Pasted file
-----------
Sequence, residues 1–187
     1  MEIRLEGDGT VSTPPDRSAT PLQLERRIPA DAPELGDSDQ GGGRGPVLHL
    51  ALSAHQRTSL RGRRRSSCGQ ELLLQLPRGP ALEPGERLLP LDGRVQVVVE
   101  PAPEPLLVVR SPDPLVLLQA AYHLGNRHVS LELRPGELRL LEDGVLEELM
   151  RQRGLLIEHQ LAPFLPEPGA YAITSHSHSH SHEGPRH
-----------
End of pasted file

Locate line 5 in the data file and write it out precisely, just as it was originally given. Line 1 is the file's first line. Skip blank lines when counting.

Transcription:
   151  RQRGLLIEHQ LAPFLPEPGA YAITSHSHSH SHEGPRH